After several false-start whoops — and one that quickly turned into boos — they finally got it right when CNN announced it was projecting Hillary Clinton to win the New York primary.
Supporters packed in a ballroom at a midtown Manhattan hotel erupted into chants of “Hillary, Hillary, Hillary”, with a mixture of relief, joy and anticipation.
That false whoop that morphed into boos was for an earlier announcement by CNN when the audience thought it was going to be about Clinton, but it turned out to be about Donald Trump.
Both frontrunners won their respective primaries on Tuesday in their home state — adoptive for Clinton — by massive margins that they hope will change the race on both sides here on.
A beaming Clinton told cheering supporters that the Democratic race had entered “the home stretch” and that “victory was in sight”.
Clinton needed a big victory to end Sanders’s recent streak of wins — seven out of eight contests—and secure a firm grip on the nomination, ending a race that had gone on too long for her.
Clinton got 57.9% of the votes, posting a double-digit lead over Sanders who ended with 42.1%. In the new count of delegates, She leads Sanders 1,930 to 1,189; their threshold is 2,382.
Looking past the primary to the general election, Clinton tried to reach out to supporters of Sanders, saying there is more that unites them with her than what separates them.
Trump struck a reconciliatory tone in his victory speech too — even looked presidential — addressing Ted Cruz as “Senator Cruz” and not “Lyin’ Ted” as he has tended to in the past.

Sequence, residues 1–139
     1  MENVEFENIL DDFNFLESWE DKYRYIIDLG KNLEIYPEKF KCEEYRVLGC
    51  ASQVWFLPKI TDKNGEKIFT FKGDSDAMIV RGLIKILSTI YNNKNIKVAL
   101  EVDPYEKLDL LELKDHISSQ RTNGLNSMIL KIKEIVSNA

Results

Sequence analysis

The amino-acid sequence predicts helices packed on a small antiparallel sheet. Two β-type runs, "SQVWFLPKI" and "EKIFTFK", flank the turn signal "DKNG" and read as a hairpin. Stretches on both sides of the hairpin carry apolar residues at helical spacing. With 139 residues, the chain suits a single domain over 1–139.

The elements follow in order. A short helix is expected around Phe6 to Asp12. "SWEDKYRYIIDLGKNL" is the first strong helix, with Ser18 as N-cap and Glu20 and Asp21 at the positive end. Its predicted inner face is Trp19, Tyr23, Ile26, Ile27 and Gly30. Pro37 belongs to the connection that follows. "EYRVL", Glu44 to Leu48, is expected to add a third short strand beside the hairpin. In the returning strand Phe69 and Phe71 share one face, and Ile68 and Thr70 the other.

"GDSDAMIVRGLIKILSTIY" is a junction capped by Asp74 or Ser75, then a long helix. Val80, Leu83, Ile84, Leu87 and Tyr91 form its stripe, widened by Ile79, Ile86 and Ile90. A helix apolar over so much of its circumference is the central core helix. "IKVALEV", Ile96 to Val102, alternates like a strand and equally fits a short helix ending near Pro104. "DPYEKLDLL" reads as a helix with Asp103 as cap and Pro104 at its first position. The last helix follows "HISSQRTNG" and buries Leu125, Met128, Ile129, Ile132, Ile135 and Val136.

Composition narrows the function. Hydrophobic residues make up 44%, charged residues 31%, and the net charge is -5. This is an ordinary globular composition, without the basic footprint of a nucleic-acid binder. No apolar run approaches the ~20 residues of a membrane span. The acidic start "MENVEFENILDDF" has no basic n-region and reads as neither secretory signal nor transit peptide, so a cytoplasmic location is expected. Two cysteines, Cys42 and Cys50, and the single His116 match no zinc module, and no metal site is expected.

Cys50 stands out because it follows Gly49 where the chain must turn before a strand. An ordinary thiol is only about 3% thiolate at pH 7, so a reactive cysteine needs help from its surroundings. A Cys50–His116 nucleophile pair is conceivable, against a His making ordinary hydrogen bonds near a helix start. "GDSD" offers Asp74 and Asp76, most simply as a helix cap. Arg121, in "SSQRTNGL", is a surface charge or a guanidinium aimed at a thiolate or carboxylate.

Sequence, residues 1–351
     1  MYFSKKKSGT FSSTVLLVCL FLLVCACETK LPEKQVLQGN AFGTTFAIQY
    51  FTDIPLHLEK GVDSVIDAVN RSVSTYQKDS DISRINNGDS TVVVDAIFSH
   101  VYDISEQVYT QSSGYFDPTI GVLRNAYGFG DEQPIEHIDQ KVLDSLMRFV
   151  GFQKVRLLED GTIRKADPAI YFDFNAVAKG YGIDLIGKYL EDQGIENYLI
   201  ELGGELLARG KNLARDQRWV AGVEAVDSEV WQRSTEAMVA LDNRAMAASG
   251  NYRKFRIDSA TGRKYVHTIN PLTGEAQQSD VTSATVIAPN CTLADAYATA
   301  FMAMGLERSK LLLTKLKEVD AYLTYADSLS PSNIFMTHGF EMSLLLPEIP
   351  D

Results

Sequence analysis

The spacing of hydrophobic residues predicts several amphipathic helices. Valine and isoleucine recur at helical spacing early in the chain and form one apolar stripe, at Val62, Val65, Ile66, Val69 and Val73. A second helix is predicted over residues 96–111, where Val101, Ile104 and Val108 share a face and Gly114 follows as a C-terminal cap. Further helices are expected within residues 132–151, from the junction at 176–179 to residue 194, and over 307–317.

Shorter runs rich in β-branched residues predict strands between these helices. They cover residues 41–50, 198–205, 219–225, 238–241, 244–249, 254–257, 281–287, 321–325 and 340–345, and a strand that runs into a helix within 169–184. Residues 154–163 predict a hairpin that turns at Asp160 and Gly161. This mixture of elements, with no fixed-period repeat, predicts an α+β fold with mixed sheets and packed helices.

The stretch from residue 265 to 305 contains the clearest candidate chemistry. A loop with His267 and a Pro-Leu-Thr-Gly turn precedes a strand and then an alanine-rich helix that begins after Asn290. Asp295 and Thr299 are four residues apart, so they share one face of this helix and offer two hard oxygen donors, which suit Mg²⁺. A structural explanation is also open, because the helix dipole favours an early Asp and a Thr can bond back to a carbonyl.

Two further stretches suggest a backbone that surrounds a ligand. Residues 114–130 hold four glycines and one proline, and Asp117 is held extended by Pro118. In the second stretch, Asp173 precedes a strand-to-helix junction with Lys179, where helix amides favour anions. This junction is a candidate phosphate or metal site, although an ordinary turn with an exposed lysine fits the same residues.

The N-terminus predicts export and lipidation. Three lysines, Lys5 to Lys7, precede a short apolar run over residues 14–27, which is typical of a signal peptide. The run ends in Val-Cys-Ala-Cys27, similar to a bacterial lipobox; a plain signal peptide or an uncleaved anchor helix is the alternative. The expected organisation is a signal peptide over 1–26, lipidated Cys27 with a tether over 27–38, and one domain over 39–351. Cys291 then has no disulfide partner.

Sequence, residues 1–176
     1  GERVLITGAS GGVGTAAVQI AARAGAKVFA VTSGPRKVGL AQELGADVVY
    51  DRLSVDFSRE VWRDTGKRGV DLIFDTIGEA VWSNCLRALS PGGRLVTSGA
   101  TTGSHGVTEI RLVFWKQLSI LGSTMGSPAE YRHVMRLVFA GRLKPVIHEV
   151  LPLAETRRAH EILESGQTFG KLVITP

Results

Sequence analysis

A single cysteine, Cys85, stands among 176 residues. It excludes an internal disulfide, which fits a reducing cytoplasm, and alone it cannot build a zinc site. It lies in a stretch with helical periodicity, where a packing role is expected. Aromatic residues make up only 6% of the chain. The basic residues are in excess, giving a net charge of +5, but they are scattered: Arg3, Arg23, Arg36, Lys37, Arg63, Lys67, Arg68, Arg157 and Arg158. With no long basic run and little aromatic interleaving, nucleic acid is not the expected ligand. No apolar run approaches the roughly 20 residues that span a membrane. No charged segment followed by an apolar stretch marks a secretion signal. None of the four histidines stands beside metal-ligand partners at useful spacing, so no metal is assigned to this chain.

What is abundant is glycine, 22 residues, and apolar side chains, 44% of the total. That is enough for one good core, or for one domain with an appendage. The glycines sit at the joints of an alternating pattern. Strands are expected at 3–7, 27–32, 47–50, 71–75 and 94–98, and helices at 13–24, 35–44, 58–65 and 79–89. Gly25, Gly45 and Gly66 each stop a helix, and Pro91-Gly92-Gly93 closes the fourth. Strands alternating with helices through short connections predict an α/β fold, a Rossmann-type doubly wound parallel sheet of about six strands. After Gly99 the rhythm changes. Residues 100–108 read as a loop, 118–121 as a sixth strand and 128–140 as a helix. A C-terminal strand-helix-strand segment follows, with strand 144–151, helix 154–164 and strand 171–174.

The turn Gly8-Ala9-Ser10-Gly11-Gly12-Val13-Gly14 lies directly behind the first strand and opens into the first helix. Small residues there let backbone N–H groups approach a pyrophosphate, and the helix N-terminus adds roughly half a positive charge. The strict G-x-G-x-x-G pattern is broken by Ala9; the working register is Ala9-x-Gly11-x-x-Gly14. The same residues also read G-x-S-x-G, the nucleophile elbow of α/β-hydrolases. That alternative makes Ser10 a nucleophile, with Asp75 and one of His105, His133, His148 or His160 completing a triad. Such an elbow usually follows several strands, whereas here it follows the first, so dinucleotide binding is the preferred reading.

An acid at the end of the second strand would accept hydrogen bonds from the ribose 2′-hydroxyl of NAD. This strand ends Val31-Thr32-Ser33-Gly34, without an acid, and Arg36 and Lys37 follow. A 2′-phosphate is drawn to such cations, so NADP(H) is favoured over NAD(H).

And he called John Kasich, the third Republican in the race who is the governor of Ohio state, as “Governor Kasich”, which was also unusual given Trump’s past disregard for honorifics.
New York was generous with its blessing for its New Yorkers. The Republican frontrunner picked up 89 of the 95 delegates at stake, taking his countrywide aggregate to 845.
He is now 392 delegates short of the threshold of 1,237 that will give him the nomination, or anyone else who reaches it — no one else in the race has a better chance than Trump.
Also significant for Trump was his vote share. He got 60.5% of the votes, which was the first time he had crossed the 50% mark, proving he was not winning in a fractured race.
And he ended Cruz’s recent string of wins such as in Colorado and Wyoming that had made Trump look inept at handling some of the complexities of the nominating contests.
“We don’t have much of a race anymore,” Trump told supporters at a victory party at Trump Tower. “We’re going to go into the convention I think as the winner.”
He thinks, he is not sure. Experts believe Trump is unlikely to make it before the convention, and that the party is most likely to pick its nominee through votes at the convention.